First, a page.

During World War II, the council lobbied for civil rights legislation.[8] The Non-Partisan Council also lobbied agencies such as the Department of State, the United Nations, and national educational, scientific, and cultural organizations, to draw attention to the need for integration.[8] Lasting ten years, the organization was dissolved on July 15, 1948, by Supreme Basileus Edna Over Gray-Campbell.[8][9]

The Non-Partisan Council worked with the NAACP, The Urban League, The United Office and Professional Workers of America, The National Association of Graduate Nurses, the American Federation of Churches, the Colored Women's Club, the Brotherhood of Sleeping Car Porters and Auxiliary, and the New York Voter's League.[8] Established in 1946, the American Council of Human Rights superseded the Non-Partisan Council.[10]

For her efforts in creating and guiding the Non-Partisan Council, in 1948 Boyd was named "Woman of the Year in the Field of Legislation" by the National Council of Negro Women.[6]

United Nations Involvement[edit]

Norma Boyd was named as a United Nations observer in 1949. She took part in several committees, such as the Advisory Committee to the American Delegate to the Inter-American Council of Women, the Pan-American Liaison Committee, and the East-West Association.[6]

In 1949 Boyd traveled to South America as an observer at the Inter-American Commission of Women in Buenos Aires, Argentina.[6] At the conference, she was a delegate representing the United Nation's Non-Government Organizations, the International House Association, the People's Mandate Committee, and the Women's International League for Peace and Freedom.[6] While in Brazil, Boyd also founded a chapter of International House.[6]

As an observer, Boyd was interested in children's rights and supported Principle 10 of the Declaration of Human Rights.[6] To help educate her students, one year Boyd financed twenty-five of them for a trip to the United Nations' General Assembly in New York City.[6]

Later life[edit]

In 1959, Boyd established the Women's International Religious Fellowship.[4] The organization, which consisted of women from diverse backgrounds and cultures, helped to draw attention to children's safety and rights.[6]

Boyd traveled widely in her life, to cities in United States, Canada, Mexico, South America, and the British West Indies.[4] She wrote an autobiography, A Love that Equals My Labor.[4] Norma Elizabeth Boyd, the last surviving founder of Alpha Kappa Alpha, died in Washington, D.C. on January 4, 1985.[4]

Membership in other organizations[edit]

Boyd was active in a wide variety of organizations:

  1. Professional: National Council of Mathematics Teachers, American Federation of Teachers, and American Teacher's Association;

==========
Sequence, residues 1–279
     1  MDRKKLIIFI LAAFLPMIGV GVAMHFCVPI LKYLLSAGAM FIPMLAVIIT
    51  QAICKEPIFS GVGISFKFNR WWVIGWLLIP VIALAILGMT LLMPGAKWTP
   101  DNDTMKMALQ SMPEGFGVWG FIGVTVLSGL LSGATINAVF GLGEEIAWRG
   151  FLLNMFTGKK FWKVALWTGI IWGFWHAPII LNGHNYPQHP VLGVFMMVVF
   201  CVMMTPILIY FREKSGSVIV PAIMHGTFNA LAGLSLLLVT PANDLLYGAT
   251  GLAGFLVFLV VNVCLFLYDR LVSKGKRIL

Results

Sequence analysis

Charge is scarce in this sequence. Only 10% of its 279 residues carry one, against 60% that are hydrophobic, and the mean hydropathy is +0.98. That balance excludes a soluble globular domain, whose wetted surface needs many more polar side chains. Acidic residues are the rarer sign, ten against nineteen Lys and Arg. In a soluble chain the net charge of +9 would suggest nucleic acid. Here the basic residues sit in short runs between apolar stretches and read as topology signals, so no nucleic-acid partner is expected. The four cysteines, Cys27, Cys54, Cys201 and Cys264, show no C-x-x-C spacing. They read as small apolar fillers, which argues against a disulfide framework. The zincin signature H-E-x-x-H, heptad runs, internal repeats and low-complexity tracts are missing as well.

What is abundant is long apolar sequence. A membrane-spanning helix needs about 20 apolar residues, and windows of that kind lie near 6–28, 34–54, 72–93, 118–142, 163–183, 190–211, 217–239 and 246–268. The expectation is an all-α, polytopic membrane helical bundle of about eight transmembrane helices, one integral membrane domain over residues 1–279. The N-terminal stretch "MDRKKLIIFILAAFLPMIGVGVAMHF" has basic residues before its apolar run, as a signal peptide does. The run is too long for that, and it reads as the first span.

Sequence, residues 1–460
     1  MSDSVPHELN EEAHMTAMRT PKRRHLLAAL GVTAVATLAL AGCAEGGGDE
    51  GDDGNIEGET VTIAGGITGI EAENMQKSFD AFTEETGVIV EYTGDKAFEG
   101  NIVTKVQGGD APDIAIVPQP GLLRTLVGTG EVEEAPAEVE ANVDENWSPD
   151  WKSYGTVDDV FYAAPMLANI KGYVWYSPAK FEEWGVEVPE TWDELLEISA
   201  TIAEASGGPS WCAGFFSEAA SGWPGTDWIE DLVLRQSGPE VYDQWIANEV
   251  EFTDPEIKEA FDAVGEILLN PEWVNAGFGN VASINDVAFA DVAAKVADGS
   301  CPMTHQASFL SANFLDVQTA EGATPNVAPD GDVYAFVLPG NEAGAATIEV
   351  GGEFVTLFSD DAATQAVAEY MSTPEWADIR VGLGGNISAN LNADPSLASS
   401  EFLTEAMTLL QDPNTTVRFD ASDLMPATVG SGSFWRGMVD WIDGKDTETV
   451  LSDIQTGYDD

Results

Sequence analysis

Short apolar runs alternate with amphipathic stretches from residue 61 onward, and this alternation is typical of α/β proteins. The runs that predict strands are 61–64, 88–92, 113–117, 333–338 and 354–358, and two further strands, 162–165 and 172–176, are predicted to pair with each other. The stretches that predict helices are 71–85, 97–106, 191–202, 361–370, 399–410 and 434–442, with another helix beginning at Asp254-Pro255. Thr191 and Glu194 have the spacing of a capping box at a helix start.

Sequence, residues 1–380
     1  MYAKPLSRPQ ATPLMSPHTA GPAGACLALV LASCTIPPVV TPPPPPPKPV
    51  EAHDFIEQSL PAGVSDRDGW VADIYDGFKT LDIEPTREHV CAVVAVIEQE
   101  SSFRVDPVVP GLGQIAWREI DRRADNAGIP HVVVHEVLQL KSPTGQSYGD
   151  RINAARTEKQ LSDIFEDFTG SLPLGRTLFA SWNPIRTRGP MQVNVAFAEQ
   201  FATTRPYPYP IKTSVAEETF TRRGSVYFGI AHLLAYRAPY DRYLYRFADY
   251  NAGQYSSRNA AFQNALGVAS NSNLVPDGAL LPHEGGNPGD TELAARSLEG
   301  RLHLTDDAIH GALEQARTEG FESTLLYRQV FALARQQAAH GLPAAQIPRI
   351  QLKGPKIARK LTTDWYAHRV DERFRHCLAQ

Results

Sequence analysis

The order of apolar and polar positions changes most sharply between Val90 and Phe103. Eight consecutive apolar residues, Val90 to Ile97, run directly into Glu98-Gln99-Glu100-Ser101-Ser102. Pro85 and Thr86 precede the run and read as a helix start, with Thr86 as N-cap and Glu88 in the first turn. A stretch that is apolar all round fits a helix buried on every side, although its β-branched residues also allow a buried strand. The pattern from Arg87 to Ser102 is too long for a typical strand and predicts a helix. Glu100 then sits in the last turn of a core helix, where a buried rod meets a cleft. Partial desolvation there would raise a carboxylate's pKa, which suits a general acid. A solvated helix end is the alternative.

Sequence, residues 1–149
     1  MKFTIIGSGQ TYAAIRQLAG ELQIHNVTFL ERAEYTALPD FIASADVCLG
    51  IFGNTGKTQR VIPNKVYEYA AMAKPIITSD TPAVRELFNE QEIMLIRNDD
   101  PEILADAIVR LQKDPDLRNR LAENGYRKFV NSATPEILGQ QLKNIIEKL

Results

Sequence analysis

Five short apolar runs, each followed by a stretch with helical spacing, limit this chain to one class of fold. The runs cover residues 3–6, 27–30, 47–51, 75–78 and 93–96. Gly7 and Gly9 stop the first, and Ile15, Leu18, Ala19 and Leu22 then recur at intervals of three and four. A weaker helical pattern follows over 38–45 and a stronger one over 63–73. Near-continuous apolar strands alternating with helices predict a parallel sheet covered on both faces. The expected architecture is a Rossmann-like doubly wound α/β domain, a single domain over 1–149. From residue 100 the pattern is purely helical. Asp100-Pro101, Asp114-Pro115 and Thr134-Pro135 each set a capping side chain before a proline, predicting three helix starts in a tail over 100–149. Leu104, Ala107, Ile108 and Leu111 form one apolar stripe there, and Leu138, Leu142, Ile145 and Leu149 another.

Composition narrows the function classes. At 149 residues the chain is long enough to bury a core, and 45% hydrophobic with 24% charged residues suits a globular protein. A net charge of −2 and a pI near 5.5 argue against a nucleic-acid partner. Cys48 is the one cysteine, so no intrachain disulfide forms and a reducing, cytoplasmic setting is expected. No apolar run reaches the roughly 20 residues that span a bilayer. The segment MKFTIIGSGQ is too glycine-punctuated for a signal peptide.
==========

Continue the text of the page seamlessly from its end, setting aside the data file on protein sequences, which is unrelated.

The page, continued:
2. International: International Committee of the Temple of Understanding, Women's International Religious Fellowship, Pan-American Liaison Committee, and Women's International League for Peace and Freedom; and
  3. Political: Non-Partisan Council, East-West Association, and People's Mandate Committee.[6]

Boyd was also president of International House Association in Washington, D.C. From 1958–1959 she chaired the World Fellowship Inter-Faith Committee at All Saints Unitarian Church of Washington, D.C.[6]

Citations[edit]

  1. ^ a b c McNealey, Earnestine G. (2006). Pearls of Service: the Legacy of America’s First Black Sorority, Alpha Kappa Alpha. Chicago, Ill.: Alpha Kappa Alpha Sorority, Incorporated. p. 49. LCCN 2006928528. 
  2. ^ Parker 1999, op. cit., p. 15.
  3. ^ James D. Anderson, The Education of Blacks in the South, 1860–1935. Chapel Hill: University of North Carolina Press, 1988, p.245
  4. ^ a b c d e f g h i j Parker 1999, op. cit., p. 16.
  5. ^ a b Giddings, Paula (1988). In Search of Sisterhood: Delta Sigma Theta and the Challenge of the Black Sorority Movement. New York, New York: HarperCollins Publishers. p. 53. 0688135099. 
  6. ^ a b c d e f g h i j k "The Sophomores of 1908". Beta Upsilon Chapter of Alpha Kappa Alpha Sorority, Incorporated. Archived from the original on 2009-10-25. Retrieved 2007-11-24. 
  7. ^ Collier-Thomas, Bettye; Vincent P. Franklin (2001). Sisters in the Struggle : African-American Women in the Civil Rights-Black Power Movement. New York City: NYU Press.  p. 28.
  8. ^ a b c d e f Parker 1999, op. cit., p. 195.
  9. ^ McNealey 2006, op. cit., p. 157.
  10. ^ McNealey 2006, op. cit., p. 159.

References[edit]

  • McNealey, Earnestine Green (2006). Pearls of Service: The Legacy of America's First Black Sorority, Alpha Kappa Alpha. Chicago: Alpha Kappa Alpha Sorority, Incorporated. p. 49. LCCN 2006928528. 
  • Parker, Marjorie H. (1999). Past is Prologue: The History of Alpha Kappa Alpha 1908–1999. Chicago: Alpha Kappa Alpha Sorority, Incorporated.  ISBN 0-933244-00-2

External links[edit]